Scottish landlords have traditionally enjoyed the common law right of hypothec for centuries but despite being almost 10 years since modifications were imposed by section 208 the Bankruptcy and Diligence etc (Scotland) Act, 2007, it seems many landlords are still unsure of their rights.
Landlords can claim their right to hypothec without the need of court action.
Hypothec is basically a form of security that landlords hold over the realisation proceeds of moveable property, like equipment and stock, which is owned by their tenant and is held in the rented premises at the date of a formal insolvency. Thus, the landlord is entitled to be paid in preference to all other creditors and indeed the Insolvency Practitioners’ costs and fees.
The effect of hypothec is that the net value realised from the tenant’s moveable assets should be passed to the landlord up to the value of unpaid rent. It is important to note, however, that they cannot claim for future rent, should the property lie empty, nor for dilapidations, but only for the rent outstanding at the date of the insolvency.
Whilst hypothec is an automatic right, in practice, landlords should intimate their claim to the Insolvency Practitioner involved as soon as possible. Similarly, where the claim is in respect of a commercial premises, the Insolvency Practitioner may want to trade on to maximize returns or even rescue a business, so it is also prudent to immediately ascertain the Insolvency Practitioner’s intentions and agree ongoing rent in addition to the hypothec claim.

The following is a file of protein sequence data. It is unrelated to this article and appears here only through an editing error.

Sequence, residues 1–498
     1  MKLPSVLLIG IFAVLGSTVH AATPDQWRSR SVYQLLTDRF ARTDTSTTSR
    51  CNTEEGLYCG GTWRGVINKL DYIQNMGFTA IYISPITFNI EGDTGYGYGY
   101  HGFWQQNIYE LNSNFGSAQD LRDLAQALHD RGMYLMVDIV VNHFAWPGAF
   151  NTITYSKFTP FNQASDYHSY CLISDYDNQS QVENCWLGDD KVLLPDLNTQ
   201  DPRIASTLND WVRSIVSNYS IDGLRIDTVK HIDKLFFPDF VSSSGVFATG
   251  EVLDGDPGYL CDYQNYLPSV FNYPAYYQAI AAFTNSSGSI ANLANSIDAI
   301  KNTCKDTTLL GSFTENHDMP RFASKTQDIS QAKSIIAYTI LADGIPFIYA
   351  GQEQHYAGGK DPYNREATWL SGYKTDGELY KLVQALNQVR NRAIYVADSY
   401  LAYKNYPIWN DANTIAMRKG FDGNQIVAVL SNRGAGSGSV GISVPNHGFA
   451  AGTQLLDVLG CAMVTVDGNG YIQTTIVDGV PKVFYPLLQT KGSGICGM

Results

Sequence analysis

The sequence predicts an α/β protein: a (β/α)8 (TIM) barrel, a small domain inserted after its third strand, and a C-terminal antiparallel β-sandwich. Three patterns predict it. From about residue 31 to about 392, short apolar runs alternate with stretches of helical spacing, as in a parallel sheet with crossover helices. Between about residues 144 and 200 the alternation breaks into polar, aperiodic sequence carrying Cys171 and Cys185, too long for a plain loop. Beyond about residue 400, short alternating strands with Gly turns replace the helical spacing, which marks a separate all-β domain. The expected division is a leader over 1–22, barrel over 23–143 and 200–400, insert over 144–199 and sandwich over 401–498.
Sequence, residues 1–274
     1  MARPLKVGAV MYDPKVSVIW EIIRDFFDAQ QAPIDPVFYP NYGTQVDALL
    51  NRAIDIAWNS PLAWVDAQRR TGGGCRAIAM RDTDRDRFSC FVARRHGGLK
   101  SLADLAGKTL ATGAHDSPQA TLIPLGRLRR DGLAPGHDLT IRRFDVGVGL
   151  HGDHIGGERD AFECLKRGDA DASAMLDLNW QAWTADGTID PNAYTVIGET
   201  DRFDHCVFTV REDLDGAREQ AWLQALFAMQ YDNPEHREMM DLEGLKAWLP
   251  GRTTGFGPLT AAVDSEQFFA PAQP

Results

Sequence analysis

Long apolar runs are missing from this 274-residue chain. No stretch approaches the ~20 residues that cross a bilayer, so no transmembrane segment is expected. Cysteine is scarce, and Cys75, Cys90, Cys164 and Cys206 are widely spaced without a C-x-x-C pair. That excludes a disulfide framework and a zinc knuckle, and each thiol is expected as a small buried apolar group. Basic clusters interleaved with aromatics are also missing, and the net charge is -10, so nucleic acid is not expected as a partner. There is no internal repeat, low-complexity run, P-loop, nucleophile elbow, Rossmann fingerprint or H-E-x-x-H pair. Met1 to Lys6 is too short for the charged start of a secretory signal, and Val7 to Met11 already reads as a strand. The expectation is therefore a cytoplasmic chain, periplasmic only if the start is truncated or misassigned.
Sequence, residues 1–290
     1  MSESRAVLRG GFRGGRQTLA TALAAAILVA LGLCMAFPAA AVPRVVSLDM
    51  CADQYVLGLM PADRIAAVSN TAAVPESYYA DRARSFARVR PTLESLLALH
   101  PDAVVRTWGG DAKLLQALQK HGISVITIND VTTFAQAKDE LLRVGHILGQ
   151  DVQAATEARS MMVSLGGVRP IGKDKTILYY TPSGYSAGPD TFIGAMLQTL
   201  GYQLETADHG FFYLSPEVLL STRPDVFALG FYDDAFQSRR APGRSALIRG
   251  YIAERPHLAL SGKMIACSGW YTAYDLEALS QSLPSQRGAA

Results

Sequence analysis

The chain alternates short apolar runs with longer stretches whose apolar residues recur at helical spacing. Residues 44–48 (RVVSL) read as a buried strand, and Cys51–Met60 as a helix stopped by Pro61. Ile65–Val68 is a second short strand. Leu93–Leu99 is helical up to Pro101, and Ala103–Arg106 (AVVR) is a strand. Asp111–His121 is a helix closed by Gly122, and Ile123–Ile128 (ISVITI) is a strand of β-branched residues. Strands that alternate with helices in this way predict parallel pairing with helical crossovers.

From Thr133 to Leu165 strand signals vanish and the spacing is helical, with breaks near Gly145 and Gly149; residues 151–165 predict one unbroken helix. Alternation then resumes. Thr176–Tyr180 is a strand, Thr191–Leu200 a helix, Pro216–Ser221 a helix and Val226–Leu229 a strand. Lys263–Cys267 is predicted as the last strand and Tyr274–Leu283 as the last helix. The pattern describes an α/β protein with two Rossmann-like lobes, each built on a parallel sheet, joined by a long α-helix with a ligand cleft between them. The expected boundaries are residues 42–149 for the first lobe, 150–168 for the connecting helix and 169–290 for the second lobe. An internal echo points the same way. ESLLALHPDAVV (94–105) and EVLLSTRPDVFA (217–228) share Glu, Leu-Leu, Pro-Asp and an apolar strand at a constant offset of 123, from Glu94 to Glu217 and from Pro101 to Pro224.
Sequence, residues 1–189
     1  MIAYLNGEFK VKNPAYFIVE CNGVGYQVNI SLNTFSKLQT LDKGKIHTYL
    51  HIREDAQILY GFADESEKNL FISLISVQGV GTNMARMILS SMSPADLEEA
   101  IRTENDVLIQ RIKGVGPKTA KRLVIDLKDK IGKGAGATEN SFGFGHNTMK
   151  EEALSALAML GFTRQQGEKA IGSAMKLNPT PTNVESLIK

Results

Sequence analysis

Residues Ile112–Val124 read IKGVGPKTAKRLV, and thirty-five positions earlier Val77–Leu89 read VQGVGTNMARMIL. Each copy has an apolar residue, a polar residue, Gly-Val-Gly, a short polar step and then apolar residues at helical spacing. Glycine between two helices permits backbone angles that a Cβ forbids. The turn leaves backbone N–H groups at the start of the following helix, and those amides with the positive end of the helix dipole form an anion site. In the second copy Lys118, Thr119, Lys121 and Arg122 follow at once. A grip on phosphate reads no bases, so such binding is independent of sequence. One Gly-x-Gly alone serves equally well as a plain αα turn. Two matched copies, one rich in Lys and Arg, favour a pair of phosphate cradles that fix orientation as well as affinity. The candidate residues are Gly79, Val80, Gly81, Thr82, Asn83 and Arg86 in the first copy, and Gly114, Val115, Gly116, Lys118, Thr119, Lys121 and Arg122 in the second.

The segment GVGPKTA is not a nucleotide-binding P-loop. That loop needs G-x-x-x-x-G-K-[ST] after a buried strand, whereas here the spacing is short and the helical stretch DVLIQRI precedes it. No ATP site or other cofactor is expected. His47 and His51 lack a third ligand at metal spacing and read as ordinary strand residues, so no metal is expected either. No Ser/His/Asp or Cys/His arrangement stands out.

It was previously noted that a hypothec claim does not crystalize unless there has been an insolvent event thus without such a process, the landlord’s options for recovery of arrears are the same as any other creditor. However, where often a creditor sees no benefit in meeting the additional costs of petitioning for liquidation or sequestration, there may be instances where substantial arears have accrued when it is in the landlord’s best interest to petition for the insolvency thus affording them the opportunity to potentially recover their premises in addition to the rent arrears.
If you, or your clients, have any queries regarding hypothec please do not hesitate to contact a team member in Business Recovery and Insolvency.